A similar issue cropped up in the radio frequency identification (RFID) and the near field communication (NFC) industries.
The NFC Forum, which spearheads adoption of NFC, defines the technology as "a short-range wireless connectivity technology standard designed for intuitive, simple and safe communication between electronic devices." The technology is used in contactless transactions, such as payments and transit ticketing.
Similar to RFID, engineers tell me NFC operates on radio waves. But unlike NFC, RFID had a stigma because companies relied on the technology to track products through the manufacturing supply chain, from production to the retail store floor.
Privacy advocates lobbied against the use of RFID technology. One problem was that companies manufacturing RFID technology didn't educate consumers on how it worked. IBM did release a television commercial years ago that showed a man in a trench coat walking out of a store looking very suspicious. It seemed as if he'd stolen something, but the TV spot tried to relay that the RFID tags affixed to the merchandise he bought showed that he'd actually paid with an electronic debit card.
When companies began to use RFID to track people, the NFC Forum backed off and tried to disassociate RFID technology from its brethren, NFC.
I told this story to Andy Monfried, founder and CEO at Lotame, who says the events that took place in the RFID and the NFC industries sort of describes BT. He says perception is 99% of the battle. So, he began to rename BT, starting with "relevant targeting," "relevance targeting" or "anonymous precise targeting," something that would reflect anonymity of the consumer.
"Call it historical precision around anonymity, or HARP, something different that doesn't sound like an invasion of privacy," Monfried says. "Behavioral targeting sounds like an invasion of privacy."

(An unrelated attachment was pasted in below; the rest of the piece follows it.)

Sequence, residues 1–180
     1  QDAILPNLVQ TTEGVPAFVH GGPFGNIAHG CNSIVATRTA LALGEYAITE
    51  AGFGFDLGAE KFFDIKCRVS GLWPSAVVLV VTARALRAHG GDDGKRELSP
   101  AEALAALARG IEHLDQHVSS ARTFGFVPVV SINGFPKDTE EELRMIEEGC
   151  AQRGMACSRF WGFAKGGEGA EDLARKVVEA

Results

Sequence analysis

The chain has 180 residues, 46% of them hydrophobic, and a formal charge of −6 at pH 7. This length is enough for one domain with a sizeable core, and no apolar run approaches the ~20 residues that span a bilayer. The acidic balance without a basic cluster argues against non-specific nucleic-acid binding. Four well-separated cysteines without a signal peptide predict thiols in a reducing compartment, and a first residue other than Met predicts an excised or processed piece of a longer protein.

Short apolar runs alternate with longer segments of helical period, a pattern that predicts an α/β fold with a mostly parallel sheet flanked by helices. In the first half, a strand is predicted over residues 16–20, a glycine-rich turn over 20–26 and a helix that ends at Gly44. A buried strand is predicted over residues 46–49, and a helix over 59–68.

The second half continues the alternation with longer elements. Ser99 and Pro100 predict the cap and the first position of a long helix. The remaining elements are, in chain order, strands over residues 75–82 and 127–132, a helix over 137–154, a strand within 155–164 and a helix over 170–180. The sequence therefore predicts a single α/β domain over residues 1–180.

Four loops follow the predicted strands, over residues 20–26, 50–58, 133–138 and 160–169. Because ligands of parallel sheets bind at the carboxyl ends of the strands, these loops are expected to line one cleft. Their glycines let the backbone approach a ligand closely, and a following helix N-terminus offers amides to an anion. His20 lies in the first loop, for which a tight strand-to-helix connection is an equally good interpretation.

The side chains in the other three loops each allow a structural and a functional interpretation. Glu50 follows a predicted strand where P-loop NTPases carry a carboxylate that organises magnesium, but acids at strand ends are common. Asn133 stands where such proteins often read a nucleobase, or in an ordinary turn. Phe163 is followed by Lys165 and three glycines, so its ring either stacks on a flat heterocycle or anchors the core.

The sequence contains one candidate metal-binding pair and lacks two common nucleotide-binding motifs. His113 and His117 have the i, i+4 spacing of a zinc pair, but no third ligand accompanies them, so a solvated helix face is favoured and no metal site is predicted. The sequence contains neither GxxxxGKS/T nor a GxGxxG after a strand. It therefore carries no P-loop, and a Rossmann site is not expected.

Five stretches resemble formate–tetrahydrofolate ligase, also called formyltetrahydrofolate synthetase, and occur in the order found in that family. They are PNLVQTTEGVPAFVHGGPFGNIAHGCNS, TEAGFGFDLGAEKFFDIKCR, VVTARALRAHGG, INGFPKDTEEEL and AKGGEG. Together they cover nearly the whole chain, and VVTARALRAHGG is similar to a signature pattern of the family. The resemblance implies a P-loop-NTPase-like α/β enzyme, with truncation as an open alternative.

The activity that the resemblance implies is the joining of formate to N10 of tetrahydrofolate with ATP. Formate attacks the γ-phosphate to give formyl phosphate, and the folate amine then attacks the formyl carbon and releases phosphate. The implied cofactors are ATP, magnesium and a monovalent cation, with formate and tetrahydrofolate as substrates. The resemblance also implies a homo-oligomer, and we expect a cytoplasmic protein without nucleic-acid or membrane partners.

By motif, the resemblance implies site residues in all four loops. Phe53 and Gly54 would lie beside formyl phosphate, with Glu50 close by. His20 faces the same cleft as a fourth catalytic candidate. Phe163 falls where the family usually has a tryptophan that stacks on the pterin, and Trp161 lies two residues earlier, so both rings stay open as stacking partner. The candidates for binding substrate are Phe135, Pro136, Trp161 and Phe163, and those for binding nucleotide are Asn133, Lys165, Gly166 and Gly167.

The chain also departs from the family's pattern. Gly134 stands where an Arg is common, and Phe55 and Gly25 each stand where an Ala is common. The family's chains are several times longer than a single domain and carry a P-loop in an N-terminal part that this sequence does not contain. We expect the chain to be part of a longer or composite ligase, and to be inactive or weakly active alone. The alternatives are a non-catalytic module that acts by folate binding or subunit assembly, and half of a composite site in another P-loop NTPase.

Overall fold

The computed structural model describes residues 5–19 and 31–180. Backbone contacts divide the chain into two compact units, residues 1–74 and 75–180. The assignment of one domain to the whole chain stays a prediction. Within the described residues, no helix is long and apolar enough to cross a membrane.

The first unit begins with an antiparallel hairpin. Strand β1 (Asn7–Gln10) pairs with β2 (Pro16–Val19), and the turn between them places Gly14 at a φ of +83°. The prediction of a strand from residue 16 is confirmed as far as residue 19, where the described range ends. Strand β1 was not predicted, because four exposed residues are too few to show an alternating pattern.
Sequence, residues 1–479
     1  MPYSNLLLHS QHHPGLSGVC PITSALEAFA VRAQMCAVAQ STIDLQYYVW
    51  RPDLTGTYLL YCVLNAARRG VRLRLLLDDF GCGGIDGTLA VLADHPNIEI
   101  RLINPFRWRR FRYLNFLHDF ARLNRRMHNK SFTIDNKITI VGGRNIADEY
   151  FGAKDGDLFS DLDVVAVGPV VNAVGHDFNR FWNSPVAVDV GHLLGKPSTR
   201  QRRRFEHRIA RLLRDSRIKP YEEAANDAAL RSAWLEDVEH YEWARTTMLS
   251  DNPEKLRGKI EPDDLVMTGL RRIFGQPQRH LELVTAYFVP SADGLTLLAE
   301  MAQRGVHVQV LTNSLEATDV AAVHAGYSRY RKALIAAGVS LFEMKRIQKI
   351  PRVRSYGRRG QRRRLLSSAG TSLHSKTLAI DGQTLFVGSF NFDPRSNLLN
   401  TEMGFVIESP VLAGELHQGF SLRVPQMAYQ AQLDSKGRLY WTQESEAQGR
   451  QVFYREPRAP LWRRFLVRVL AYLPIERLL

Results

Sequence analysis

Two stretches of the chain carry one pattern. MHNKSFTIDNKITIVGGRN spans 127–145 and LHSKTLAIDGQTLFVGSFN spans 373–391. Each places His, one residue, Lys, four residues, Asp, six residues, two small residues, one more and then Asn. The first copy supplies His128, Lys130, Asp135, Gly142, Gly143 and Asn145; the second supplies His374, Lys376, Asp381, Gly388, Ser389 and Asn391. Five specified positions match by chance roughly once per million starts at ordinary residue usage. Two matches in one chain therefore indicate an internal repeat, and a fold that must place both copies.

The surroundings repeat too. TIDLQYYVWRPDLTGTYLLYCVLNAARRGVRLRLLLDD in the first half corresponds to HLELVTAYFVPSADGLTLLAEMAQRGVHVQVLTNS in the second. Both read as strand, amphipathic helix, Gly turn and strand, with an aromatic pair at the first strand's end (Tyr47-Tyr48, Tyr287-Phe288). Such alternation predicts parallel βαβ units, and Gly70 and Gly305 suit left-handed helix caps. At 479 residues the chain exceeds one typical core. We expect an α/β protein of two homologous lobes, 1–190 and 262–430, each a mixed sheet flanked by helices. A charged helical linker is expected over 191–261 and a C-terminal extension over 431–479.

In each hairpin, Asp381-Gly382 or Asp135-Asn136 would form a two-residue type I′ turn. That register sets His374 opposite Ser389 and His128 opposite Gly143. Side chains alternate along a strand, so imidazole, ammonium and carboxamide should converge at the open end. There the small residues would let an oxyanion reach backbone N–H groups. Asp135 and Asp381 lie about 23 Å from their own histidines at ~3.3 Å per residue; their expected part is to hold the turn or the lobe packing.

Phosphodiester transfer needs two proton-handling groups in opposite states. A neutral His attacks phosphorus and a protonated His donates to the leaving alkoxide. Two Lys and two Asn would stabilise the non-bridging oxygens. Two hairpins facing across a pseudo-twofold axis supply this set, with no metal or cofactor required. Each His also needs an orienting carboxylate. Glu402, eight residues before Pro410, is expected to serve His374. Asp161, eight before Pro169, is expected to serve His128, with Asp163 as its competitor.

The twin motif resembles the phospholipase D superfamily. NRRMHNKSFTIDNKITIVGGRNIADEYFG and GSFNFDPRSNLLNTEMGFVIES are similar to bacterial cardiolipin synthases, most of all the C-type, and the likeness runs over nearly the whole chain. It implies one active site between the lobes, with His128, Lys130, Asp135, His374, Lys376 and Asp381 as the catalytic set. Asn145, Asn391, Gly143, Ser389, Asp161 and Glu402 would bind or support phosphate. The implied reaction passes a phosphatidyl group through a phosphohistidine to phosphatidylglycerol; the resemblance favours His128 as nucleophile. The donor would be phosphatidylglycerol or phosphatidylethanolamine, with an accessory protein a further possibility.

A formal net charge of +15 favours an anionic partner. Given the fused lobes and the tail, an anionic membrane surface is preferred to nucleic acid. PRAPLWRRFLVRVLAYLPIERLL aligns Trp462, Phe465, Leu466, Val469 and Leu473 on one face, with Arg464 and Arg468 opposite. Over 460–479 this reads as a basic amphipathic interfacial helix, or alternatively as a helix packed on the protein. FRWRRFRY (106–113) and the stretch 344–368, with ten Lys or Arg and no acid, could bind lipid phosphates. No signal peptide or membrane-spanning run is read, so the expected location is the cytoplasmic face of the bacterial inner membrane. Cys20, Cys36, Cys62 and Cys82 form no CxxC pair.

That's what a coalition of consumer protection and privacy groups think, too. On Tuesday, representatives from consumer protection and privacy groups asked the House Commerce Committee to stop marketers from collecting sensitive data online and require them to tell consumers the type of data being collected and the reasons they will use it.
The coalition identifies "sensitive" information as health, finances, ethnicity, race, sexual orientation, and political activity.
The marketing and advertising strategy, "created to influence consumer decision making," starts with behavioral ad targeting from companies, such as Google, Microsoft and Yahoo, as well as social networking, sources of offline data like point of sale (POS) cash registers, smart ads and data collection services in rich media ads, the groups explains.
The coalition includes Consumer's Union, Consumer Federation of America, Center for Digital Democracy, Electronic Frontier Foundation, U.S. PIRG, among others. They say the data collection invades people's privacy, especially when marketers integrate offline data from POS cash registers.
The IAB and technology companies offering targeting services have had nearly 10 years to self-regulate the industry, but failed to offer appropriate third party opt-out systems, according to the group.